Design students from Pierre-Adrien Pâris Professional High School in Charlottesville’s sister city, Besançon, France, visited CATEC's building trades classes.

The Albemarle County School Board last week debated moving bus stops to major roads in snowy weather in an effort to keep buses off rural roads and avoid snow days.

But transportation staff recommended not adopting the “Plan B” routes, citing safety concerns for students walking on unplowed roads, the difficulty of transporting students with special needs, and resulting low attendance. 

The board has requested more information before it will make a final decision.

School board member Eric Strucko said adopting the changes would benefit working families.

However, Transportation Director Jim Foley estimated that about 120 students have Individual Education Plans that require Albemarle to provide door-to-door transportation.

If schools were to open, yet the school buses were not able to reach these students’ homes, the division could be challenged for not fulfilling its obligations, board attorney John Blair said.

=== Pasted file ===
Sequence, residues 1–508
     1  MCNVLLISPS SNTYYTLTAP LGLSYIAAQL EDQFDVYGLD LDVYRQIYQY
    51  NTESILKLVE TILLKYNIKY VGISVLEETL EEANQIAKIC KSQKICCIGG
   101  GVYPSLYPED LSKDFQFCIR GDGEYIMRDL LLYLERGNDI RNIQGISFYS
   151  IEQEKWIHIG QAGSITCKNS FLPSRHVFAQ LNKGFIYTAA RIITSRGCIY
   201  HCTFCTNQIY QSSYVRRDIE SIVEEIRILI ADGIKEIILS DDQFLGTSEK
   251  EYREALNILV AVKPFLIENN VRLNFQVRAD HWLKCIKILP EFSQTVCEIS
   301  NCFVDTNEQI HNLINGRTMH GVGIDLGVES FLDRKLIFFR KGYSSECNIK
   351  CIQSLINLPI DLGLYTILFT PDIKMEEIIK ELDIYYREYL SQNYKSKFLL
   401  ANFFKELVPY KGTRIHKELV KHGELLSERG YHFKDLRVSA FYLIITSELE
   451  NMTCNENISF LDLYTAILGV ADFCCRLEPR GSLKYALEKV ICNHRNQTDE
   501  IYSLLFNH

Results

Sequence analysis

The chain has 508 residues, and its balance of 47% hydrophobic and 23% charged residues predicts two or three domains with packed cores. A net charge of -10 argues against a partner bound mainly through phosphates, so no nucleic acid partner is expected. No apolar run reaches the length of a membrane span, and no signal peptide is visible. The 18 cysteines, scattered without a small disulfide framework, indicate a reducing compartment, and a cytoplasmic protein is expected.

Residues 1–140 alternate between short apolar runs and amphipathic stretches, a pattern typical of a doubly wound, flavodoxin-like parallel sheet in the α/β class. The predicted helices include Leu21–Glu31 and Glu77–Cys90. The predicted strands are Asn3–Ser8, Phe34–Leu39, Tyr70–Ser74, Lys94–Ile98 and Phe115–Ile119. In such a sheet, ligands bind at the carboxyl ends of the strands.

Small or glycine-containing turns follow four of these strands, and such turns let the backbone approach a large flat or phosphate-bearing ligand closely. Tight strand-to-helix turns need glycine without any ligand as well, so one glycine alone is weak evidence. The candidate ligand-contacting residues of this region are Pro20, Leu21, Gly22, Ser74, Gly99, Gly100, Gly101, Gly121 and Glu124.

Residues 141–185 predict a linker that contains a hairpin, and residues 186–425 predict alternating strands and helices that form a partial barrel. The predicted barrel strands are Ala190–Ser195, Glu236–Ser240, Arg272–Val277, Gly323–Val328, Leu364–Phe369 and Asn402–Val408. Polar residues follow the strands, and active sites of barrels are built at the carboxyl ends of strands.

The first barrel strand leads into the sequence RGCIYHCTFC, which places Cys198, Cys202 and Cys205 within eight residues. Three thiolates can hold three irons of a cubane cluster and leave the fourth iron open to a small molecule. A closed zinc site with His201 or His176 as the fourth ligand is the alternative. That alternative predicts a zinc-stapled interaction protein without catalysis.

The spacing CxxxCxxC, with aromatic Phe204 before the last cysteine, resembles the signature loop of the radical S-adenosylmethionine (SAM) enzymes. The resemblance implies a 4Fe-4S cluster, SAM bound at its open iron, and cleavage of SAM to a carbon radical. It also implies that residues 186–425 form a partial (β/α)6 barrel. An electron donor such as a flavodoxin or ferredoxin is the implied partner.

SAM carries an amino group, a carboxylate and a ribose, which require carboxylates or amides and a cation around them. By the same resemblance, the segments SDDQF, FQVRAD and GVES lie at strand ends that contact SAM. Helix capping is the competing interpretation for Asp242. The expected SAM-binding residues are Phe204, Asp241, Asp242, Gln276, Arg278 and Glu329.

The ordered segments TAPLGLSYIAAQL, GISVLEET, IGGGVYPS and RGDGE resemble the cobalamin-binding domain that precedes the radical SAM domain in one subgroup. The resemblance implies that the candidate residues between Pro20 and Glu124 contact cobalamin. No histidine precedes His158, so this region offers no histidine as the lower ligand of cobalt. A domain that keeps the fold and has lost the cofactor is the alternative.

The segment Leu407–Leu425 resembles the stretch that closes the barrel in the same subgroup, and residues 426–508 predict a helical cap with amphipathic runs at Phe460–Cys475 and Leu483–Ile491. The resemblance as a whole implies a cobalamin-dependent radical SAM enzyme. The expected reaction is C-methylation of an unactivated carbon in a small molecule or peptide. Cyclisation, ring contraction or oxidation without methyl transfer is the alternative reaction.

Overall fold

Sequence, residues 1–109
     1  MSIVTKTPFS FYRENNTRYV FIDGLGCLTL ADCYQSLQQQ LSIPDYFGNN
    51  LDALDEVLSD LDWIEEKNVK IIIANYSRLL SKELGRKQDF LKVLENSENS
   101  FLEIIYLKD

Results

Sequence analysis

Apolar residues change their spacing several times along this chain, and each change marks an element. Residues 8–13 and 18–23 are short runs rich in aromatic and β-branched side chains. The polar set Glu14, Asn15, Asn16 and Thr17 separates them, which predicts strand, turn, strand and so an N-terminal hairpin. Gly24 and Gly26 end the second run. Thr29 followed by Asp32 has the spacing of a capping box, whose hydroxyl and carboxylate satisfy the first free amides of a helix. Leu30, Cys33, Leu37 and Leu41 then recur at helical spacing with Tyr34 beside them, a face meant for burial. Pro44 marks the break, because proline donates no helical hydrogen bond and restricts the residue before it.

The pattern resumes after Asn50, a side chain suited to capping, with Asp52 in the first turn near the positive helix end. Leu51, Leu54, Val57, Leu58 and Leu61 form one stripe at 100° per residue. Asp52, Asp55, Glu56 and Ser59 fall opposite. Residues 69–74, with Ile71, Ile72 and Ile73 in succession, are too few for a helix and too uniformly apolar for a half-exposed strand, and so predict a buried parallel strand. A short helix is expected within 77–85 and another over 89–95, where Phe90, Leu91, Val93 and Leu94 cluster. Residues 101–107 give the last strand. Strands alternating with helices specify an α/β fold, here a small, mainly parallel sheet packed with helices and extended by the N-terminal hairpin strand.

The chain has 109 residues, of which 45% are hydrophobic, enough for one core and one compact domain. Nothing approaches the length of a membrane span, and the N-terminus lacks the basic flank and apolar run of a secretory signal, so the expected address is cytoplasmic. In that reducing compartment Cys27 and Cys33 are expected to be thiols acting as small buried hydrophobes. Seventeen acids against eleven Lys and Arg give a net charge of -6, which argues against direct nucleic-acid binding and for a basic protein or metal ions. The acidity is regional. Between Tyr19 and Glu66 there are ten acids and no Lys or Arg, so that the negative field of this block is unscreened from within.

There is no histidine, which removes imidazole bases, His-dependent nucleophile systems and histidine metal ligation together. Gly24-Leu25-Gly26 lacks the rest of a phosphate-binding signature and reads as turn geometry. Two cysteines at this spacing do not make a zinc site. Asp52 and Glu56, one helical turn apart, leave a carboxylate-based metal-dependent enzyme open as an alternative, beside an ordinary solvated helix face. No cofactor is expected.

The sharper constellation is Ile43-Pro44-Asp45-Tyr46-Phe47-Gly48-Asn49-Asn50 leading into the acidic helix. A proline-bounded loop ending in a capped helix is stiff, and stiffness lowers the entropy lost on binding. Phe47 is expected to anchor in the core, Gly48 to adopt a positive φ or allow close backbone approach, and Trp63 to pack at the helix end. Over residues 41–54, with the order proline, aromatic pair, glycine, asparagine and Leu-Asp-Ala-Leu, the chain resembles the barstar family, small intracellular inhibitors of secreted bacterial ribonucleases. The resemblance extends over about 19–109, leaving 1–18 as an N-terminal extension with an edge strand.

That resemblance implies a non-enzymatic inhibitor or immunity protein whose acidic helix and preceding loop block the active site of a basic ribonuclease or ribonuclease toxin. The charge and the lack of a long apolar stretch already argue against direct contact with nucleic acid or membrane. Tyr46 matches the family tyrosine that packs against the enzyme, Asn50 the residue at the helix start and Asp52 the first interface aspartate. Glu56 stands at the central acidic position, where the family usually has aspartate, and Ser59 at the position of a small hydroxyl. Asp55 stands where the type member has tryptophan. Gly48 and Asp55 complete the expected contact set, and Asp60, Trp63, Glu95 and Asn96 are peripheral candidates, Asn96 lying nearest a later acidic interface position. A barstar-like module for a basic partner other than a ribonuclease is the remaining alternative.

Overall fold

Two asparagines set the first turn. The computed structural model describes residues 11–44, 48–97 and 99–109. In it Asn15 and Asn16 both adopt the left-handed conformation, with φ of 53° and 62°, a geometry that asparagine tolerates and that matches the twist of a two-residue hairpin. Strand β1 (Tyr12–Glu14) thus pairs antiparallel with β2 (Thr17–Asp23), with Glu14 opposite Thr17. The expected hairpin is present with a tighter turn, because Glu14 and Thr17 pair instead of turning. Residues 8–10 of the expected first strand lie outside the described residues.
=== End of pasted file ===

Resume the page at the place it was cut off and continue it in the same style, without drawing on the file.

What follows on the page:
In total, Foley estimated that about 1,450 students of the division’s total population would be impacted by the Plan B Routes.

But several board members questioned the reasonability of allowing a smaller number of students to keep the remainder of the division from attending school.

Blair pointed out that no students are denied educational opportunities when the school days can be made up.

Between November 26 and March 7, Albemarle closed 11 times during 23 weather events, which translates to a 48 percent close rate.

During the same time period, eight surrounding counties closed 61 percent of the time.

The division would have closed for seven of those eleven days “no matter what,” Transportation Director Jim Foley said.

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Sister city students study at CATEC

The Charlottesville Albemarle Technical Education Center last week played host to visitors from Pierre-Adrien Pâris Professional High School in Charlottesville’s sister city, Besançon, France.

During the stay, 12 high school and nine adult education students worked with CATEC students to build a 16 by 16 foot energy-efficient house.

The two cultures take different approaches to career technical education, so the collaboration is serving both groups, said building trades instructor George Cheape.

CATEC Green Technologies Instructor Rich Fletcher said the project is helping his students understand the design concepts they’re trying to achieve in real life, such as LEED and RT2012, France’s thermal regulations for buildings.

Additionally, CATEC Director Adam Hastings said, the students took important building lessons from Habitat for Humanity, which took the visitors to such projects as Burnett Commons.

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